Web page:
I know this was already answered, but a lot of important details were left out.
How onion routing works
Onion routing is an anonymity technique where a path is chosen randomly through a cluster of servers, such that each connection goes a different route. The specific relays for the guard, middle, and exit are chosen randomly by the Tor client. The path from guard to exit is called the circuit, and the Tor client remembers this. The guard is chosen once and remains the same for a long time (as explained below), while the middle and exit change at periodic intervals (either once every ten minutes, or when a new connection is established). The unpredictable path and large number of relays to choose from improves anonymity significantly.
When you send data over Tor, the data is encrypted with three keys. Each layer specifies the subsequent relay to be used (as chosen by your client at random):
- An application, like Tor Browser, requests a webpage through Tor, and tells that to the client. This request is done on your local network using the SOCKS5 protocol.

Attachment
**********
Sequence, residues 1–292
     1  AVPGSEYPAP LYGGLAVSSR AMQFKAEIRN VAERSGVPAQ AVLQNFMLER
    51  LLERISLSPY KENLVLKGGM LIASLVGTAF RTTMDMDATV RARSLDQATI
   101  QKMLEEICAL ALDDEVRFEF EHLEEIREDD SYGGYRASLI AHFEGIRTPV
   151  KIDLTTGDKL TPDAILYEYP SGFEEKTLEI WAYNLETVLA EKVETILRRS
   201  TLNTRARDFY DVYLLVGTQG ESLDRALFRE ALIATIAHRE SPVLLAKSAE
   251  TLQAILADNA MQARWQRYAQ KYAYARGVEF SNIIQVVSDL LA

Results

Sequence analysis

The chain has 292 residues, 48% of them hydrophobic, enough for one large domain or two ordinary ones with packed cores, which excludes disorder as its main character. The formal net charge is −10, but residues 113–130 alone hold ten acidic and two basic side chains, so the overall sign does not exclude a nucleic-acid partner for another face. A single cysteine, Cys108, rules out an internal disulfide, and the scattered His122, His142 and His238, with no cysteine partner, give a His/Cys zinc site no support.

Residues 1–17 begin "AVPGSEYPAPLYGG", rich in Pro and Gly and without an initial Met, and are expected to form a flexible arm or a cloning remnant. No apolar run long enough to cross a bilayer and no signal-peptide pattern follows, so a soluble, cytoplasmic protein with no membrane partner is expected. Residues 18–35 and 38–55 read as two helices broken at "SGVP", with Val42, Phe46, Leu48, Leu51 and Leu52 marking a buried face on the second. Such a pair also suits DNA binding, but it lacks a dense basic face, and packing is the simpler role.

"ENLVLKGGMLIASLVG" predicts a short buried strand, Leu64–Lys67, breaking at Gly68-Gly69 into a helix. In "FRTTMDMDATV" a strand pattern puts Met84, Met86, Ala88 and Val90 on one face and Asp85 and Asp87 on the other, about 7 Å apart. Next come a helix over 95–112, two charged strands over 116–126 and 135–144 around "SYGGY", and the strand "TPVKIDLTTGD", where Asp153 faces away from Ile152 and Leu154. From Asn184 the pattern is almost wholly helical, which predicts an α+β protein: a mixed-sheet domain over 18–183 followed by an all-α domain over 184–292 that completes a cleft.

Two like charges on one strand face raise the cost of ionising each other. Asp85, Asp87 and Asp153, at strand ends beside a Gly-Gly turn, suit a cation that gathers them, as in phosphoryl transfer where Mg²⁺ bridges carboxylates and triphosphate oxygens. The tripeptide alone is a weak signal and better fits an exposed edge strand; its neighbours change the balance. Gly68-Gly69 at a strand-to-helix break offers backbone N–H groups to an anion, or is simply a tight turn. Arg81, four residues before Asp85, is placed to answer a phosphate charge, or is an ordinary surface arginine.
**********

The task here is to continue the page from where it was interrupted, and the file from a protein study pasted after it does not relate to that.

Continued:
- The Tor client encrypts data with three keys, and shares each key with a different, random relay. Encrypted in each layer is also the address of the next relay. This is then sent to the guard.
- The Guard receives data and strips the third layer, using its key. It forwards the data to the relay specified in the third layer, the middle relay.
- The middle relay receives data and strips the second layer, using its key. It forwards the data to the relay specified in the second layer, the exit.
- The exit receives data and strips the final (first) layer, using its key. It checks the destination site and forwards the now fully decrypted data to it.
- The destination site receives the data and sends a response to the originating IP, the exit.
Now the traffic has been successfully sent to its destination, but it has to get back. Tor relays keep which relay is communicating with it in memory, so when it gets a response from that relay, it knows where to send it. This way, the middle relay knows the guard asked it to send data to the exit, and it remembers this so when that same exit gives it data back, it can forward it to the guard:
- The exit receives the response, adds the destination of the previous relay (the middle), encrypts it with its key, and sends it off to the middle relay.